If I go to a happy hour with my wife for a glass of wine and some small healthy protein and fat meal, we usually don’t talk to anyone. If we do, they most often talk about their woes and issues. We try to stay away from unhealthy-thinking and unhealthy-talking people.
Our friends are younger, active, excited-about-their-next-adventure-type people. We so enjoy their excitement for life.
A story: I had a mentor I traveled and spoke with in over 20 nations. He was 25 years older than me. Once, on a flight between Hong Kong and Singapore, I asked him why he typically only had younger guys travel with him, and he said that when he was with me he felt and thought like me. He was 75 at the time. I was 50.
He said if he hung out with 75-year-olds they would make him feel 75 and tell him why he shouldn’t be doing what he was doing. He said he wanted to dream and plan like he was 50! So no older guys were allowed to be close to him. Same with me.
Thought: Show me your daily friends and I will show you you! Drinkers hang out with drinkers. Excuse-minded people hang out with excuse-accepting people. Unhealthy people hang out with and feel comfortable with unhealthy people. Liars hang out with liars. And excited, healthy people spend time with healthy, positive, still-dreaming-and-accomplishing people. We draw to ourselves who we are.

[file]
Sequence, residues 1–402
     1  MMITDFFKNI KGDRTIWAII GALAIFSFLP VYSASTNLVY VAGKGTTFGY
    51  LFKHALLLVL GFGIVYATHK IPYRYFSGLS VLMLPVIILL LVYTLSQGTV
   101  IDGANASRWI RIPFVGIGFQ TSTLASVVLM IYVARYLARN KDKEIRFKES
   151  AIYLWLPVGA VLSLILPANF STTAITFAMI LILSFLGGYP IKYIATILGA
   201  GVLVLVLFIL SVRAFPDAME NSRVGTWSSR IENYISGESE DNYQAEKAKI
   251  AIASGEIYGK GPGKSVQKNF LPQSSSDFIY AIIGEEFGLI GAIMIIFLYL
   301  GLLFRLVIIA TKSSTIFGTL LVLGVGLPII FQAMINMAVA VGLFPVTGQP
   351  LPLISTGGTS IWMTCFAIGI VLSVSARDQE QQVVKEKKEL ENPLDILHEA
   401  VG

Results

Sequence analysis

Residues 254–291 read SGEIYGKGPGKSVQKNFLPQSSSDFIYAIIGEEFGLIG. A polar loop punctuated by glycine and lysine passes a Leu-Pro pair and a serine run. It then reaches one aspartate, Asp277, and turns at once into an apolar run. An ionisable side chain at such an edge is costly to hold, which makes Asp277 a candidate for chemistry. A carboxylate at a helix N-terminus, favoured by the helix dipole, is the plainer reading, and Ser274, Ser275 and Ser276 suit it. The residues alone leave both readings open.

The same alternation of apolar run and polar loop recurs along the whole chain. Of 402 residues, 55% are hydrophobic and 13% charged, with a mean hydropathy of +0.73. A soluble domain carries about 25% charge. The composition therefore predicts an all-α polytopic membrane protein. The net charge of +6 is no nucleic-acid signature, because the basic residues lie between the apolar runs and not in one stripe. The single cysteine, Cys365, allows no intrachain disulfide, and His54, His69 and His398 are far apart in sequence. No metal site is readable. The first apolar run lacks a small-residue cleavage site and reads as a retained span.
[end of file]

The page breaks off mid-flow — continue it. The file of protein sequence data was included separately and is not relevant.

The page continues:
In closing, we all have hourly and daily choices. It’s a possibility that some of us need to stop playing the victim. Face our excuses. Grow up emotionally. Get in shape and get a life. After all, and contrary to popular belief, life can be really fun as we grow older!
Robert Hamilton Owens has completed 12 Ironman Triathlons, the 238-mile “300 of Sparta Endurance Race,” the SEALFIT’s Kokoro 50-Hour Challenge, and the World Marathon Challenge: 7 Marathons 7 Continents 7 Days, to name but a few. For more information on Robert, please visit: www.roberthamiltonowens.com.